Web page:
For more dessert recipe inspiration, visit Food Network’s Let’s Bake board on Pinterest.
Get the Recipe: S’more Brownies
Win a Signed Copy of Martha Stewart’s Cakes: Our First-Ever Book of Bundts, Loaves, Layers, Coffee Cakes, and Moreby Maria Russo in Contests, Shows, March 29th, 2014
Whether you’re celebrating a milestone birthday, you’re recovering from a stressful week or you simply have a sweet tooth that won’t quit, cake-baking is nearly always a good idea, as the finished product delivers tried-and-true comfort every time. Double-layer frosted confections may be a party favorite, but the beauty of cakes is that they can take countless shapes and sizes. On today’s all-new episode of The Kitchen, Martha Stewart dropped by to introduce one of her latest publications, Martha Stewart’s Cakes: Our First-Ever Book of Bundts, Loaves, Layers, Coffee Cakes, and More, which is dedicated to both classic and creative desserts.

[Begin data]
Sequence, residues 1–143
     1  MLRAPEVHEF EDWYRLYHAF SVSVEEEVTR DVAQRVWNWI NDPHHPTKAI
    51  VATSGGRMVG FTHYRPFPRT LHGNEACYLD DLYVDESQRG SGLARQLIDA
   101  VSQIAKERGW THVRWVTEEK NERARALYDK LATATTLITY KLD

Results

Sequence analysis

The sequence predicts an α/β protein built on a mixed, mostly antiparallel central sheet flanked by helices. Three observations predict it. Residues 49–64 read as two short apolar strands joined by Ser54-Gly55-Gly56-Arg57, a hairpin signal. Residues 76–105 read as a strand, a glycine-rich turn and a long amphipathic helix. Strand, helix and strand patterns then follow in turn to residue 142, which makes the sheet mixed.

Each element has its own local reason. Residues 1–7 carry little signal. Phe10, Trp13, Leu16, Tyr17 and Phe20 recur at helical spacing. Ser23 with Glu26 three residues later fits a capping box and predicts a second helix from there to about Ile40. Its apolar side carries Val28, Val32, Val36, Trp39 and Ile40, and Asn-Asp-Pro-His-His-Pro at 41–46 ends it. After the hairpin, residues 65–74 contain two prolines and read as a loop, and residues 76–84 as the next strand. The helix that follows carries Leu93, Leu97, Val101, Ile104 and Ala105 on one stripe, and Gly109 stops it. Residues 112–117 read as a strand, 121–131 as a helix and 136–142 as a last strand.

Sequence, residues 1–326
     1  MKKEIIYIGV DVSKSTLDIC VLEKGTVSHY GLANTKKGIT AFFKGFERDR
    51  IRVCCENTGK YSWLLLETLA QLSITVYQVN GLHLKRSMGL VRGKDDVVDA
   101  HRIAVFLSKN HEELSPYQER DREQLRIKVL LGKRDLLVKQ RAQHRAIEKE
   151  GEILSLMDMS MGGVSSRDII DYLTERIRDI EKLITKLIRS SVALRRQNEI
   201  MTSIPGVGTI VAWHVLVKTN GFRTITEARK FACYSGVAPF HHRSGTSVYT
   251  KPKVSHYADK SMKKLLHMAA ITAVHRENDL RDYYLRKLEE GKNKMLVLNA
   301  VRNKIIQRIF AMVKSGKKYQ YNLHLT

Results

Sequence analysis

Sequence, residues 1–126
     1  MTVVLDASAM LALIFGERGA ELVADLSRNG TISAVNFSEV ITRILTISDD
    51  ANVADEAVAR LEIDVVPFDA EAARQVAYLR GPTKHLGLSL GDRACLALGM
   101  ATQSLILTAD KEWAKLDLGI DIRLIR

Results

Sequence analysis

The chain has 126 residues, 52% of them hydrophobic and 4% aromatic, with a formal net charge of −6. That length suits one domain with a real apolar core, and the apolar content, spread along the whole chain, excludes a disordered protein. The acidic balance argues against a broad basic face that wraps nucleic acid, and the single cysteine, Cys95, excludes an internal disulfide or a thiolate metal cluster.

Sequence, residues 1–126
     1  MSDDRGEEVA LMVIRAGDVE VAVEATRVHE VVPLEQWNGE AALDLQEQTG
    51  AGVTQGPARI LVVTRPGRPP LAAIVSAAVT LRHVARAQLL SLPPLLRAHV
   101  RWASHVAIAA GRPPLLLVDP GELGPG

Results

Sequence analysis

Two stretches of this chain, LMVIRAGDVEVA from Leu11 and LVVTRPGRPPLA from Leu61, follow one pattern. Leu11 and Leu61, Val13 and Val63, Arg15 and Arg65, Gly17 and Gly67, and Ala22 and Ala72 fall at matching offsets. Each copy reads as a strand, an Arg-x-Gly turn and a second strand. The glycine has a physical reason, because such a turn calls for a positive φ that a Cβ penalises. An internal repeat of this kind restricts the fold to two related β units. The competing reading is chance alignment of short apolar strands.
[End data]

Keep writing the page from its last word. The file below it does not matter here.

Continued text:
The co-hosts inducted Martha into Cookbook Club, and together she and Jeff Mauro created an updated version of the traditional icebox cake. Her Chocolate Chip Cookie Icebox Cake is an easy yet impressive dessert, boasting layer after layer of decadent chocolate cookies and sweet, fluffy cream. After chilling overnight in the refrigerator, the cookies will have absorbed moisture from the cream and become deliciously tender, so the cake will hold its shape when cut into slices.
Want to check out more of Martha Stewart’s Cakes? You can buy the book here, or you can enter to win a free signed copy from FN Dish. We’re giving away one cookbook each to four lucky, randomly selected fans. To enter, tell us in the comments which recipe from The Kitchen has been your favorite this season (you can find a complete list of recipes from The Kitchen here). You must include the recipe URL to be entered to win.